Twice in the past I was part of teams entered for University Challenge; however we never got past the earliest stages. So I take the news that one of this year's winning team may not have been eligible (BBC News: BBC in University Challenge probe) with interest.
My memory from both entries is that the forms were filled in around about March/April time, then we went to the off-screen auditions in about May. The possibility that by the time the final was reached some of us may no longer have been students (whether due to graduation or failing the year) was there, especially as our enrolment was always for one year at a time (which in other spheres has resulted in the annoyance of having to renew some archive access cards every year). However we were always told that one had to be a student at the point of entry. As far as I am aware the rules have not changed since. There is probably nothing in this story beyond ill-informed journalists digging for scandals.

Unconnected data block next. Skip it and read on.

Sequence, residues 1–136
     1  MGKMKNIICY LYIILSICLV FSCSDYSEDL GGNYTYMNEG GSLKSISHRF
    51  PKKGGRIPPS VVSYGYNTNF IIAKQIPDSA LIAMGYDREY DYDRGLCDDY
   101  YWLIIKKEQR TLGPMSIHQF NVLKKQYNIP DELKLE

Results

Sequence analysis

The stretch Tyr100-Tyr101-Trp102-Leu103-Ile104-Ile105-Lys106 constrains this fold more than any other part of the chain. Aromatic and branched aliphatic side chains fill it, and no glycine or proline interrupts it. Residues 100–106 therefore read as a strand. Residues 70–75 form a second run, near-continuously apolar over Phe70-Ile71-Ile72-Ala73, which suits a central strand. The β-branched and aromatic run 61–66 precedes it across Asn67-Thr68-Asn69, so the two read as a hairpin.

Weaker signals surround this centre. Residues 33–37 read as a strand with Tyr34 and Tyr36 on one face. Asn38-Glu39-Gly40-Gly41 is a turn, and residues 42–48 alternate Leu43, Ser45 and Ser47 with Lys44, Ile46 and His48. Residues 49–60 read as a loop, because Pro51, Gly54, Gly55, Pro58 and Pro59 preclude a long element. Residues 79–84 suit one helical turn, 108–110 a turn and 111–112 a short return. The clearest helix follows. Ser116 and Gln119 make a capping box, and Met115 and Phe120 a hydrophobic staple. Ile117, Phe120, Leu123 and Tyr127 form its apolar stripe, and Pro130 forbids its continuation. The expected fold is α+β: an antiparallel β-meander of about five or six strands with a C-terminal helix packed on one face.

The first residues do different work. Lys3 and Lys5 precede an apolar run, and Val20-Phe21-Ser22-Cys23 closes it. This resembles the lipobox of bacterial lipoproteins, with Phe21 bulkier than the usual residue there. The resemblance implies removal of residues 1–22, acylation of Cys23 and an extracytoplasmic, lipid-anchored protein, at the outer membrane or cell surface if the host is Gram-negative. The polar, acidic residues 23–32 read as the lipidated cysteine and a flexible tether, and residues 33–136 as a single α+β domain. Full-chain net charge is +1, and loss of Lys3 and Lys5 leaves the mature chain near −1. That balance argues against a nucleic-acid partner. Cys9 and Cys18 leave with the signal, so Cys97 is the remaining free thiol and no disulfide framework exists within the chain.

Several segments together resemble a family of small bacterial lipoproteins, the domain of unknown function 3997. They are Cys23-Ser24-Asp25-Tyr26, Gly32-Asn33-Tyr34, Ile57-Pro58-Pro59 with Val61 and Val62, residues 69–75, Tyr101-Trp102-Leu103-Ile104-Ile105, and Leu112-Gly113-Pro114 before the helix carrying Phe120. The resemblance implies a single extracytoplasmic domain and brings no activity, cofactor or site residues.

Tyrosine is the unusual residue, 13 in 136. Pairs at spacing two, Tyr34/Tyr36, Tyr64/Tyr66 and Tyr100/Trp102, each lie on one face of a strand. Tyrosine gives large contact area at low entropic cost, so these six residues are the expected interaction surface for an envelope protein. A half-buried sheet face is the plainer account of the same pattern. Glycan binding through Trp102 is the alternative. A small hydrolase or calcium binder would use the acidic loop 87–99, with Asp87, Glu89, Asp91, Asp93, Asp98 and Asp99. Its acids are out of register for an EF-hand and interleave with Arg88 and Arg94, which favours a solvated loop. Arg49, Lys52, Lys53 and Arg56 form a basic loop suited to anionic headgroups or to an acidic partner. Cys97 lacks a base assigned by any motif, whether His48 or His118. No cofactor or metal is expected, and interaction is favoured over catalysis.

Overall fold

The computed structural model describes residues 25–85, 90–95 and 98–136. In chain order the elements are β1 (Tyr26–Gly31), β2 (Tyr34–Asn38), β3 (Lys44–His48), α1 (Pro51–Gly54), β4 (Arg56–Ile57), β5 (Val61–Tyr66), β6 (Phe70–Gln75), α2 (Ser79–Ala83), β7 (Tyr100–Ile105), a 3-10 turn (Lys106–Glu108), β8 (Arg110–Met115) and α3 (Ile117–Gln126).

The real point of outrage about this year's University Challenge winning team is not the fact that one of the members has graduated since entering or Gail Trimble's knowledge but that Oxford and Cambridge are allowed to send multiple teams from the individual colleges, whereas other universities can only enter on a university wide basis. Ironically it was this year's runners' up, the University of Manchester, who famously protested this rule in 1975 when their team answered every question with either "Trotsky", "Lenin", "Karl Marx" or "Che Guevara". Here's to putting the universities on an equal footing.